Heather: It does seem that dyers are a dime a dozen nowadays, but I think we all have something unique to offer and I try to support all fellow artisans when I can. This is not to say that I didn’t feel a tiny ping of insecurity when I came back from my fall hiatus and found that The Loopy Ewe had picked up about a gazillion new dyers. I was definitely afraid that I was out of a job! I try to stay fresh by staying true to myself and by continuing to put 100% of my effort into each and every skein I create. Some colorways are definitely more inspired than others and all may not be crowd pleasers, but they are all dyed lovingly and with care because this is what I love to do. I’m not here to get rich or make a quick buck. I’m not really looking for that 15 minutes of fame, and I don’t ever go out of my way (or even any way at all, normally) to “tout my wares”. I’m here because I enjoy it and I think slow and steady does win the race. As long as The Loopy here and all you fellow knitters out there continue to support me by using my yarn, I’ll be around for some time. (Goodness, I’m starting to sound like a cheeseball. Next question please!)

-10Loopy: Well I have to say that we try to pick indie dyers who will bring something unique to The Loopy Ewe, so even though we have a lot of dyers (and we need that many to keep indie yarns arriving every week!), no one will ever take your place. Each of you has a special spot here with us! Now, I know you have other hobbies. Tell us what else you like to do.
Heather: Hobbies – a better question would be what hobbies do I not have! I’ve been known to dabble in quite a few things – scrapbooking, beading, papermaking, candle making, soap making, any sort of toiletry making, sewing, knitting, spinning, dyeing, embroidery, polymer clay, needle felting and more. Much to my husband’s chagrin, I have an entire corner of my tiny house dedicated to these hobbies. Of all those various hobbies, my other real crafting passion besides knitting and dyeing of course, would have to be sewing. I began to sew about the same time I started knitting, and much like knitting, I just kind of took to it. Funny enough, sewing is the exact opposite of knitting for me. It’s my way to do for others and 99% of my projects are either clothing for my children or gifts for someone else. I have yet to actually sew something just for me, but that’s ok. I balance it out with lots of handknit sweaters.

Loopy: That is a lot of hobbies! You had to move all of that from one coast to the other last year. How has that gone?
Heather: Our move … I’d like to just say ugh. Actually, I had my moments but generally everything went fine. My husband deployed the day we got here so thankfully my father was able to fly down from Seattle to help me with the heavy lifting. Moving 13,000 lbs. of household goods into a 12oo sq. ft. house with 2 toddlers and a giant dog, is not a good time. Surprisingly enough, I think one of the most challenging things was just leaving Charleston itself. Although there were many things about the east coast I did not like (namely hurricanes and giant cockroaches), it really did feel like home and it was hard to leave when I was just starting to get into my niche. Southern California is beautiful but incredibly expensive, so I doubt I would ever consider living here for longer than this tour. We are barely able to afford it now! The plus side of all this moving is that I’ve been shown that sometimes less is more and although I’m not living in the house of my dreams, we have made it work and I’ve been thankful to know that my identity and self-worth is not tied up to my square footage.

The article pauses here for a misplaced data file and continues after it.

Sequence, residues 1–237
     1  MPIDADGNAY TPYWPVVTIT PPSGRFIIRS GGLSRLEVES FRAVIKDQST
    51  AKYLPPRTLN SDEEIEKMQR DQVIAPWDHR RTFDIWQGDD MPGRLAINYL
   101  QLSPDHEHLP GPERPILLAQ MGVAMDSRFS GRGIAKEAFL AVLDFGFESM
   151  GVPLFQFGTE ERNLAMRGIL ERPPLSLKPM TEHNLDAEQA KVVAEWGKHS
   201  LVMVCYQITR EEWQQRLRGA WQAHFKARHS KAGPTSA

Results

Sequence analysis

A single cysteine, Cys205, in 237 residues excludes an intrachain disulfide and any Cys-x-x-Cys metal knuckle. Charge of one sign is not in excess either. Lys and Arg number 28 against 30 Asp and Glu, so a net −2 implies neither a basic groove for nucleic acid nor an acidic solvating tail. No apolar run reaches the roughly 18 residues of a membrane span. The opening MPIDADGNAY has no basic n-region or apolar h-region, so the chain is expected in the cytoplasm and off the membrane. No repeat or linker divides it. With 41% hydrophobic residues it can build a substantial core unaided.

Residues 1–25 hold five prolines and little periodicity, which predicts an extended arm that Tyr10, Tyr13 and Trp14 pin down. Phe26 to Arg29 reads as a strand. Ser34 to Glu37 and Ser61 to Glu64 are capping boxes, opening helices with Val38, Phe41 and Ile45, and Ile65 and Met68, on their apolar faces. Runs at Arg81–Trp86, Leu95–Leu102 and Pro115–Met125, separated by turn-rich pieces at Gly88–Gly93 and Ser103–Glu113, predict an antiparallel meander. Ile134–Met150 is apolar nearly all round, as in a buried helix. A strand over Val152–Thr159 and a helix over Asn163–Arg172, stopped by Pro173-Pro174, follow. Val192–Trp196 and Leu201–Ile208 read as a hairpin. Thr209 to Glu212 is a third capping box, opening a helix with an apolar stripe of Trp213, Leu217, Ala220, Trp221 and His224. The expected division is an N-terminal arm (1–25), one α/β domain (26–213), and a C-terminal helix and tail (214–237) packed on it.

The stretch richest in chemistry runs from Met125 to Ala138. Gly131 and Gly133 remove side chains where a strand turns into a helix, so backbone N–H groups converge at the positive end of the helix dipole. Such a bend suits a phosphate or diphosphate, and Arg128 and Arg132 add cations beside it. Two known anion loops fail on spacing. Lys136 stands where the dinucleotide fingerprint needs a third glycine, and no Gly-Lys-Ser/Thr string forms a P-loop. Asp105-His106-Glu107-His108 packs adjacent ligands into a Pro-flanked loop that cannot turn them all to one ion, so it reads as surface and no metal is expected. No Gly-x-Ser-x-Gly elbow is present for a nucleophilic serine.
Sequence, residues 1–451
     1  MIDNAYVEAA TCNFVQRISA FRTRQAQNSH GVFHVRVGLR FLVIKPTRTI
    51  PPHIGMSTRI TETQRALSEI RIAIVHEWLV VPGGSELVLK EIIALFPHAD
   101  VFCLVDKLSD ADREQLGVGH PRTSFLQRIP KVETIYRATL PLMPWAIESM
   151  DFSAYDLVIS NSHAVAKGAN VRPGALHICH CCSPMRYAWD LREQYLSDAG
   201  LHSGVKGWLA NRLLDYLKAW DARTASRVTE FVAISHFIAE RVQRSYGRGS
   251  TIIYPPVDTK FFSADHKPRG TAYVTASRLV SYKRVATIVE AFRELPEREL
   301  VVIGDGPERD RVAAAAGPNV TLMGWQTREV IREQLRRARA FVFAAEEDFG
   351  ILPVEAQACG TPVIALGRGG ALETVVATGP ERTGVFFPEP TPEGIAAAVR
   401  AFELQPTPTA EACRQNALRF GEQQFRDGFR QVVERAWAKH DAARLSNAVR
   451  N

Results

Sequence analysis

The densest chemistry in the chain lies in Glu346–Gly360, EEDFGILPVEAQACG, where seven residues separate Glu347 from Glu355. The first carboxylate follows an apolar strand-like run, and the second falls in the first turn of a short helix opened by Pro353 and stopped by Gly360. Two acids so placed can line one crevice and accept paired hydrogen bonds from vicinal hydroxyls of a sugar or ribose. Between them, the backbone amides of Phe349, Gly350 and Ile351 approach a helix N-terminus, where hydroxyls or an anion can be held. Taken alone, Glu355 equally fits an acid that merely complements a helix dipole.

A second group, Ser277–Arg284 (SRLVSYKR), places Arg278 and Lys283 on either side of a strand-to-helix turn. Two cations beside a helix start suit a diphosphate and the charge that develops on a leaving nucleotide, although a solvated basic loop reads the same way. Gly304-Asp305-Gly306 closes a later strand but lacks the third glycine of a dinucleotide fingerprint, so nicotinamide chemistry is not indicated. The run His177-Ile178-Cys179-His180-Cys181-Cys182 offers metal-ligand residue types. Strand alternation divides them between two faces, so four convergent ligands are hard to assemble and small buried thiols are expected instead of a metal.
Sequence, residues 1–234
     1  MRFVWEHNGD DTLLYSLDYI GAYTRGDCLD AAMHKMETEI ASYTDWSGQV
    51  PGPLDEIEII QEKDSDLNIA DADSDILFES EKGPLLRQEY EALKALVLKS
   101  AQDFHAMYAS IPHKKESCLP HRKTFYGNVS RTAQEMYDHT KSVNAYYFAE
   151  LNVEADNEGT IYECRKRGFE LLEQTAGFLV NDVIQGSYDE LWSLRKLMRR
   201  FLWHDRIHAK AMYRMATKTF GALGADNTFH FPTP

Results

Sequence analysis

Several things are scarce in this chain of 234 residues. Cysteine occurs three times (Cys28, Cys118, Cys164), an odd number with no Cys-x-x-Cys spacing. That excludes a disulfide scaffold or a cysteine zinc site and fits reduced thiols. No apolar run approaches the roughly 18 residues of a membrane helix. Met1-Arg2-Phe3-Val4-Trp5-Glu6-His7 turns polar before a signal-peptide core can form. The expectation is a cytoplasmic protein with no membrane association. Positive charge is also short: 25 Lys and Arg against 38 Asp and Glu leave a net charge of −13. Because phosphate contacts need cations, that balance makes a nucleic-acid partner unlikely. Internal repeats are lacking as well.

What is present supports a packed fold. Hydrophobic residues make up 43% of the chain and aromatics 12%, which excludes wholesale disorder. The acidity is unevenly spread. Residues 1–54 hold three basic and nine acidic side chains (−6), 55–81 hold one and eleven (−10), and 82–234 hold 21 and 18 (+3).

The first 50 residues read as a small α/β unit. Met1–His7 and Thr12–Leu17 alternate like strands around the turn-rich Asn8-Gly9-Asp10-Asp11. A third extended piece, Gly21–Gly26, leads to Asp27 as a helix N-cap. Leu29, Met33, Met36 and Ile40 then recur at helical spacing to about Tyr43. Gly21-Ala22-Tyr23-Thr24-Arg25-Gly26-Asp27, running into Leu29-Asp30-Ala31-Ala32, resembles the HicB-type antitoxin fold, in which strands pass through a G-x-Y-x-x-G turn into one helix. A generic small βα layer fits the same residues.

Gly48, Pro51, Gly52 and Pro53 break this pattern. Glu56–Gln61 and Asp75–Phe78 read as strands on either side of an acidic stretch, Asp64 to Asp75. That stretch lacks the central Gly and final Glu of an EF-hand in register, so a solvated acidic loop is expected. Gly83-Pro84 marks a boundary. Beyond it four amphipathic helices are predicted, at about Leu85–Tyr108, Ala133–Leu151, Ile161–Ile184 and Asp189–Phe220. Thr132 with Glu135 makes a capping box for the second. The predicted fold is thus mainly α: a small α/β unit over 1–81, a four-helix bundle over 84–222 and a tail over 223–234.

-5Loopy: That was move a big undertaking for you and your family. Tell us about your family.
Heather: I am lucky to have a very supportive husband who, thankfully, allows me to do my own thing and only occasionally gives me crap about all the yarn I seem to accumulate. His job in the military has him deployed overseas for much of the year so I’m left at home to tend to my girls – Amelia is 5, Makenna is 3, and Maya is 15 months. I have my hands fully, especially with Maya who happens to be an 85 lb. American Bulldog and is probably 3 times as high maintenance as both my girls combined. We also have a wide variety of plants and fish that somehow manage to survive in all the day to day chaos.

Loopy: I’m glad to know that Maya is a dog. I thought we had somehow missed you having another baby! Is there anything else you’d like to add?
Heather: One thing I’d like to add is that I’m pretty excited to be going back to school in the fall. I’ll be working on my Montessori teaching credential. So from now until then, all yarn proceeds will go directly to my outrageously expensive tuition bill! (I know, shameless plug, but I should get at least one in a year!) On a more serious note, I would like to say that it has been an honor to work with The Loopy Ewe and I’m thrilled that you have given so many indie dyers an opportunity to share their love. The loyalty and patronage of this store is just so well deserved and I’m truly grateful to be a part of that.

Loopy: Aww – well thanks! We’re so glad to have you here. :-)